They won an innovation award from the bank. A special shed was built to capture solar energy, whose warm air will circulate in the shed to dry the hay, so they are self-sufficient in energy. The inspiration came from the drying of hay in mountainous regions.

At the experimental stage, they develop aquaponic. It is a fish farming and cultivation of leafy vegetables such as salads and spinach – thanks to the defection of fish, the plant provides food and cleans the water, which contributes directly to the circular economy.

raising organic strawberries in aquaponic

Economically, they earn more than before, by selling their produce at 2.5 times the price than conventional agriculture, because conventional agriculture is still suffering from low sales prices and high purchase prices for synthetic products. Moreover, they export mainly to Switzerland, which allows them to be quality conscious. Farmers, who want to make an organic transition, could receive state support, or obtain an incentive label (“bas-carbone” – in France). From an environmental point of view, organic farming is a practice with an ecological long-term vision without soil pollution. As a societal perspective, organic farming generates more manual labour and innovation, resulting in more employment opportunities.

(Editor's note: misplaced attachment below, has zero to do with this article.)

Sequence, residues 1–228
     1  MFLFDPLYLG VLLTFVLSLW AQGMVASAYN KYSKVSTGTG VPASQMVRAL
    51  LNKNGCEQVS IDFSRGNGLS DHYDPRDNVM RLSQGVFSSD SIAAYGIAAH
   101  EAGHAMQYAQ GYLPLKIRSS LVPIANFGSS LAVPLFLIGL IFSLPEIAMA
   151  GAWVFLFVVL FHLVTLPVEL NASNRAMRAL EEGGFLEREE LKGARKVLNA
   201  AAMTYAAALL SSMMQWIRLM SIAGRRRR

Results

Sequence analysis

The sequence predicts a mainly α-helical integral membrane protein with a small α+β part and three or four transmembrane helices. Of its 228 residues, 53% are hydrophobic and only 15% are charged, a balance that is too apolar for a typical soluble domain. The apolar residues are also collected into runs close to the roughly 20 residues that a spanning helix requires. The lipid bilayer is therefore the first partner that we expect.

Long-term perspectives and new opportunities

In the future, farmers will diversify into energy production like in Jura. During my studies at the HEG, we interviewed in 2019 at Bure (Jura-CH) Claude Etique concerning the methanation and the production of 100% renewable Jura fuel. As a consequence to produce carbon-neutral fuel with agricultural waste and to contribute to the development of the circular economy in the region.

Finally, 100% organic agriculture for 9 billion inhabitants in 2050 could be possible if we reduce food waste and limit our consumption of animal products. It is not only farmers who need to change their way of working, but consumers their way of eating.

If you are more interested about new mecanisation methods in the organic field, I recommend you to watch this video taken in Jura – CH